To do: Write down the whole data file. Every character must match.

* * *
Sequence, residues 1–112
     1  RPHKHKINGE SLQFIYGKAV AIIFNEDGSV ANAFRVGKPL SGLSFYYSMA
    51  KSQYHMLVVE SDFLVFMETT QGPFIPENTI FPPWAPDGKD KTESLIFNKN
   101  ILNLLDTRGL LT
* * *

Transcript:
Sequence, residues 1–112
     1  RPHKHKINGE SLQFIYGKAV AIIFNEDGSV ANAFRVGKPL SGLSFYYSMA
    51  KSQYHMLVVE SDFLVFMETT QGPFIPENTI FPPWAPDGKD KTESLIFNKN
   101  ILNLLDTRGL LT